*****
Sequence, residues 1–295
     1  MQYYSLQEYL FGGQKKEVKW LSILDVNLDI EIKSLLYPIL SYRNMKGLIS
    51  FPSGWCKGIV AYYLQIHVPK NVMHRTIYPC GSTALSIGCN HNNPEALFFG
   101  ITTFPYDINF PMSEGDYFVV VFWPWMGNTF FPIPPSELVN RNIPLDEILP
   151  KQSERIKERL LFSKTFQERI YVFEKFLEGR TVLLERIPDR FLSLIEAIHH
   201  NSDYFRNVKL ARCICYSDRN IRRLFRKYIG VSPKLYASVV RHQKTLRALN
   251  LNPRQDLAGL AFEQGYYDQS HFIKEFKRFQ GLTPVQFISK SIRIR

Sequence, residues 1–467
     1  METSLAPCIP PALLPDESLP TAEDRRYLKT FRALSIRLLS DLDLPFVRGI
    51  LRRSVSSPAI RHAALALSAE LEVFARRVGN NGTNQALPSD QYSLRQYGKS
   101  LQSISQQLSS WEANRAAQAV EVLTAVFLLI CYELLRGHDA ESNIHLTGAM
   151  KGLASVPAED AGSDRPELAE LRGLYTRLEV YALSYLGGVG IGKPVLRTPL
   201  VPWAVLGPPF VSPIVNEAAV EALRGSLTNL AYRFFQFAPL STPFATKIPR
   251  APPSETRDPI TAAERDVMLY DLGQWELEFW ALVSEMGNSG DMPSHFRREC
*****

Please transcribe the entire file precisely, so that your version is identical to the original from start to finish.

Sequence, residues 1–295
     1  MQYYSLQEYL FGGQKKEVKW LSILDVNLDI EIKSLLYPIL SYRNMKGLIS
    51  FPSGWCKGIV AYYLQIHVPK NVMHRTIYPC GSTALSIGCN HNNPEALFFG
   101  ITTFPYDINF PMSEGDYFVV VFWPWMGNTF FPIPPSELVN RNIPLDEILP
   151  KQSERIKERL LFSKTFQERI YVFEKFLEGR TVLLERIPDR FLSLIEAIHH
   201  NSDYFRNVKL ARCICYSDRN IRRLFRKYIG VSPKLYASVV RHQKTLRALN
   251  LNPRQDLAGL AFEQGYYDQS HFIKEFKRFQ GLTPVQFISK SIRIR

Sequence, residues 1–467
     1  METSLAPCIP PALLPDESLP TAEDRRYLKT FRALSIRLLS DLDLPFVRGI
    51  LRRSVSSPAI RHAALALSAE LEVFARRVGN NGTNQALPSD QYSLRQYGKS
   101  LQSISQQLSS WEANRAAQAV EVLTAVFLLI CYELLRGHDA ESNIHLTGAM
   151  KGLASVPAED AGSDRPELAE LRGLYTRLEV YALSYLGGVG IGKPVLRTPL
   201  VPWAVLGPPF VSPIVNEAAV EALRGSLTNL AYRFFQFAPL STPFATKIPR
   251  APPSETRDPI TAAERDVMLY DLGQWELEFW ALVSEMGNSG DMPSHFRREC